The best way to play the Federal Reserve’s pivot toward monetary easing is to load up on shorter maturity debt that still provides a 4%-plus yield.

That’s the overarching sentiment in the Treasury market as the Fed — with inflation falling — gears up to lower rates and support a soft landing. Meanwhile, a chunk of the nearly $6 trillion parked in money-market mutual funds has new reason to move into Treasury notes as investors fear rates on cash-like investments could soon plunge.

Add to that a strong conviction that the economy may avoid the recession that was once seen as virtually inevitable, and investors’ lack of appetite for longer-term securities as they expect the yield curve to steepen back to its more typical upward slope. The consensus on Wall Street is clear: The two-year Treasury is the sweet spot on the yield curve, offering an attractive yield of around 4.4% that’s higher than any other maturity.

“The Fed gave us their 2024, 2025 expectations for where rates go, and they go lower,” said Lindsay Rosner, a portfolio manager at Goldman Sachs Asset Management. Investors should aim for “a mixture of two and fives,” she said, as “out the curve is not where we see much value.”

Long-term debt is set to underperform, as traders want to be compensated for the added risk they see embedded in these securities. Among their concerns: a continued onslaught of issuance to finance the persistently high US government deficit as well as tail risks that inflation could reignite next year.

It’s easy to see why the two-year note appeals from a look at the yield curve. It first inverted this cycle over a year-and-a half ago, resulting in long-term rates trading below those on debt with shorter tenors. A groundswell of investors is wagering it will flip back to a more usual pattern sometime next year. At present, the 10-year note yield is about 50 basis points below that on debt with two years to maturity. As recently as July, the gap stood at over 100 basis points.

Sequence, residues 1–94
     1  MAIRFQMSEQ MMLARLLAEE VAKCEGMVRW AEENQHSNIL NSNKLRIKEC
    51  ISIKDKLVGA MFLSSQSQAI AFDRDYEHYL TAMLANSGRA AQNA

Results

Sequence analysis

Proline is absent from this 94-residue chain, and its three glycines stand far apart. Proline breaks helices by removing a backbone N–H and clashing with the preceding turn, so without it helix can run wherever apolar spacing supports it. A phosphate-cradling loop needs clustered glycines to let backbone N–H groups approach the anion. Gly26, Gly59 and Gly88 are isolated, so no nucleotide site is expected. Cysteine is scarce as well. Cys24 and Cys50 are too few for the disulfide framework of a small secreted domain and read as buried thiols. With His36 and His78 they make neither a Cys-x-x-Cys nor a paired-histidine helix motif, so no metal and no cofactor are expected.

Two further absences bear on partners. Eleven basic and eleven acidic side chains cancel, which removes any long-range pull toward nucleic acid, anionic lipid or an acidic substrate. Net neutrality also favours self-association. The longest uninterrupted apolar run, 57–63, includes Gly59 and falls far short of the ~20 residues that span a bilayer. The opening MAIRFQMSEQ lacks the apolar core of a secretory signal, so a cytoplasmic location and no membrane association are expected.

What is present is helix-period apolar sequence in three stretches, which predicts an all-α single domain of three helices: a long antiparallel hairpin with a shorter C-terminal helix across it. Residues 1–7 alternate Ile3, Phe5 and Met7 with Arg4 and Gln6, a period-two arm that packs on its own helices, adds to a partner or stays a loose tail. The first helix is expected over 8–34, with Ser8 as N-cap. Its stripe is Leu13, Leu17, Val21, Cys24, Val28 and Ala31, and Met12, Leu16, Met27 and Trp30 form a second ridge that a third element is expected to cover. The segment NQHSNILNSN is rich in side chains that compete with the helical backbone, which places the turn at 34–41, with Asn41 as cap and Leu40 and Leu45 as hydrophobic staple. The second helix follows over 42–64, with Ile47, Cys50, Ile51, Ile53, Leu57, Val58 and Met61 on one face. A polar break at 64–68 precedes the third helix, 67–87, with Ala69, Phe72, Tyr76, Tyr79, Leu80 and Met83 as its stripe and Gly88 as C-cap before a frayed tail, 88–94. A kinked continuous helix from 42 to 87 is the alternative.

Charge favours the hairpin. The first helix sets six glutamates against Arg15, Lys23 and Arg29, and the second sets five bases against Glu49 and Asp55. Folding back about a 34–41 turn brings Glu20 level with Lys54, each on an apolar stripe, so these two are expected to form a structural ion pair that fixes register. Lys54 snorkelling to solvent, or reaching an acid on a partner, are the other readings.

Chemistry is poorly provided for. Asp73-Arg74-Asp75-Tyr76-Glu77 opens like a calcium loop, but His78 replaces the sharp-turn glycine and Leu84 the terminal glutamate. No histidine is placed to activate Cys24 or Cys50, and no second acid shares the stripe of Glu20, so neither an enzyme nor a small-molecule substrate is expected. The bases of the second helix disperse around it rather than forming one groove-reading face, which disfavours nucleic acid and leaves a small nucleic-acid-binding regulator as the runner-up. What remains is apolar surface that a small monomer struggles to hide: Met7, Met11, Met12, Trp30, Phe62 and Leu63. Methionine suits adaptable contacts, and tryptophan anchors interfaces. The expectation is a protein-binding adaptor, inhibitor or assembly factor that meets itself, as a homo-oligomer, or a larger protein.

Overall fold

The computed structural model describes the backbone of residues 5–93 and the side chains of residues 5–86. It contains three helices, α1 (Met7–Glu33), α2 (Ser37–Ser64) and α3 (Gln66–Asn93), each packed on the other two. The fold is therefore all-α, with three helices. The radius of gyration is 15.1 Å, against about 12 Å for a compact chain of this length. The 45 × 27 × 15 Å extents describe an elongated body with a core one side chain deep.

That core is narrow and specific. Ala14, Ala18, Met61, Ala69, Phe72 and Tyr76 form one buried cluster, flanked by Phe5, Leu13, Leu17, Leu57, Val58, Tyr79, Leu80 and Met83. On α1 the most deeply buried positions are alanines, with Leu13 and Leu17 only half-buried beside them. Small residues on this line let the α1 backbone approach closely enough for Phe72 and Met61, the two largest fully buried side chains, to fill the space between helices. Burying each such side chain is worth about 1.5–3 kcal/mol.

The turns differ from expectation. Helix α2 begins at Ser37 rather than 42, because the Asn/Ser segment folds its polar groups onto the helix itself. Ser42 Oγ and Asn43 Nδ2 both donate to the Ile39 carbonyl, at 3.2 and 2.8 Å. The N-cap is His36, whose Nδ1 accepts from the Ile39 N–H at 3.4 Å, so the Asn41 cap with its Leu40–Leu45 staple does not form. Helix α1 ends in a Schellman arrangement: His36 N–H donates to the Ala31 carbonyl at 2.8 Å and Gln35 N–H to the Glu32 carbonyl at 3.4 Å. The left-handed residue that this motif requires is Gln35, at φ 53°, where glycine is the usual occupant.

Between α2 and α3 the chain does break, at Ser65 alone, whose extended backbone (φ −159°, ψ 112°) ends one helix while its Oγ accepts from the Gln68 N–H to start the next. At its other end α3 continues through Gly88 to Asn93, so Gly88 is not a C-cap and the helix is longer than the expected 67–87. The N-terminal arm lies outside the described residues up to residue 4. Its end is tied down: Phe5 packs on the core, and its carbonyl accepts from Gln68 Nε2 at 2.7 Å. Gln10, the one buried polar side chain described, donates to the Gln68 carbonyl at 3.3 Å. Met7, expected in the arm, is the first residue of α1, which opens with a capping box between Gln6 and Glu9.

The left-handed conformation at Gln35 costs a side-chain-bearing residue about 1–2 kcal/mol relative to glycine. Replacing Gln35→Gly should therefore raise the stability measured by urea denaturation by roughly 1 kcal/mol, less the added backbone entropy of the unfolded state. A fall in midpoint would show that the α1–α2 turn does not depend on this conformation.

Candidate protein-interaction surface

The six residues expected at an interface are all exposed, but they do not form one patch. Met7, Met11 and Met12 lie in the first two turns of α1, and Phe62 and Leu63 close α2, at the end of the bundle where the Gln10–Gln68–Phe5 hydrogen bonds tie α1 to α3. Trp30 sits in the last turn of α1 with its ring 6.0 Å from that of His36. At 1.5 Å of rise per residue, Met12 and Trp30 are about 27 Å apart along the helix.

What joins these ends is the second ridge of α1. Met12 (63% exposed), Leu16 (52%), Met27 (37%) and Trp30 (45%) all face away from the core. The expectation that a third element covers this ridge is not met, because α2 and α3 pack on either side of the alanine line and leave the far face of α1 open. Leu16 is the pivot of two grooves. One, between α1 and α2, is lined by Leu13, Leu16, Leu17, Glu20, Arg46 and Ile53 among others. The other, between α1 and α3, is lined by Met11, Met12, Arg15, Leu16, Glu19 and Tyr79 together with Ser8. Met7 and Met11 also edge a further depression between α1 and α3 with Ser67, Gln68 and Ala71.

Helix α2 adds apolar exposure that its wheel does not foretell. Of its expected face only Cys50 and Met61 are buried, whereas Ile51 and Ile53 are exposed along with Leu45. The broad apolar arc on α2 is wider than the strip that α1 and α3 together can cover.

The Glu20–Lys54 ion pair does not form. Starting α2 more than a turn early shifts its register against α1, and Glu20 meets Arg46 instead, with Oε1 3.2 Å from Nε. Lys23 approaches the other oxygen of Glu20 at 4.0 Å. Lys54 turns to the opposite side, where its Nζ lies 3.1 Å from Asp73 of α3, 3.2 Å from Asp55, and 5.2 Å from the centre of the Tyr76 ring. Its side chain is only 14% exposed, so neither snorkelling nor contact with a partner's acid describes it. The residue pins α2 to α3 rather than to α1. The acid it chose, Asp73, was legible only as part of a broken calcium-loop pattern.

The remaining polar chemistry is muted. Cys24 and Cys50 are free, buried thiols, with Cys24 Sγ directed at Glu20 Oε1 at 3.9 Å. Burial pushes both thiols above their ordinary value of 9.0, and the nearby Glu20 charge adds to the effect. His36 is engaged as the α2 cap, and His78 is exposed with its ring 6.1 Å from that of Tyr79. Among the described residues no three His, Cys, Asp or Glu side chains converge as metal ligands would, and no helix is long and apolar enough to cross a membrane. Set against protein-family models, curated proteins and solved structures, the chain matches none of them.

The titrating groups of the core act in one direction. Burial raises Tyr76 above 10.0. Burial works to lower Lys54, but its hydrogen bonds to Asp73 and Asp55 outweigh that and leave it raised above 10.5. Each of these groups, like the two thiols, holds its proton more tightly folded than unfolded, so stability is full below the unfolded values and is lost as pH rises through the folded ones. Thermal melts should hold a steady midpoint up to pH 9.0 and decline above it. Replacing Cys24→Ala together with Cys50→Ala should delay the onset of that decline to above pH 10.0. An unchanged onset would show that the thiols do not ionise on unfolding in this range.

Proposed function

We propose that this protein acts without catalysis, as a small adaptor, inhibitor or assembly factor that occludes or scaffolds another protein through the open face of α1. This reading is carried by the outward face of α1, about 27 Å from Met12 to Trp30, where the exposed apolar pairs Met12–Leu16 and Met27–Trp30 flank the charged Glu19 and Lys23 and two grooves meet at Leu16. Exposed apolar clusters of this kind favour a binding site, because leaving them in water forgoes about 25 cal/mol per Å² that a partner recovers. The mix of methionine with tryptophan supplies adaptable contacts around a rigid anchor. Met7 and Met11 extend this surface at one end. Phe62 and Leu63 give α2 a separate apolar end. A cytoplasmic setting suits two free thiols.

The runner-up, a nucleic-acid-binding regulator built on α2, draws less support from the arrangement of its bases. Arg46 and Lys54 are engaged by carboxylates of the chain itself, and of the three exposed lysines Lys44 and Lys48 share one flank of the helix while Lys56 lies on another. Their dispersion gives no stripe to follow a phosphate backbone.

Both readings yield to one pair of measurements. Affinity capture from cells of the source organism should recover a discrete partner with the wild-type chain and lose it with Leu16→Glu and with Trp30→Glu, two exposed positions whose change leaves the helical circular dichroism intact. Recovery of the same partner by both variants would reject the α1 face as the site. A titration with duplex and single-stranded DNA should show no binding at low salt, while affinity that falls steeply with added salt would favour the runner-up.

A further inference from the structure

Sixty-eight percent of respondents to Bloomberg’s Instant Markets Live Pulse survey after the Fed meeting predicted the curve would turn positive sometime in the second half of 2024 or thereafter. Meanwhile, 8% said that would happen in the first quarter and 24% in the second.

Big investors, including Jeffrey Gundlach at DoubleLine Capital LP, Bill Gross — Pacific Investment Management Co.’s former bond king — and billionaire investor Bill Ackman predict that the curve will disinvert. Gundlach says US 10-year yields will fall toward the low 3%-range next year, while Gross and Ackman believe a positive slope could surface by the end of 2024.

Fed policymakers on Wednesday penciled in no further interest-rate hikes and left the target range at between 5.25% to 5.5%. Officials’ quarterly projections also showed 75 basis points in cuts next year, with the federal funds rate dropping to 3.6% by the end of 2025. From there, it would decline to 2.9% a year later.

Brandywine Global Investment Management LLC is among the investors already positioning for that. “Cash is great and you should have been moving out the curve,” said portfolio manager Jack McIntyre. He prefers to “bypass 2 years and buy 5-years and further out,” because there is some risk around whether “the Fed is going to stick a soft landing.”

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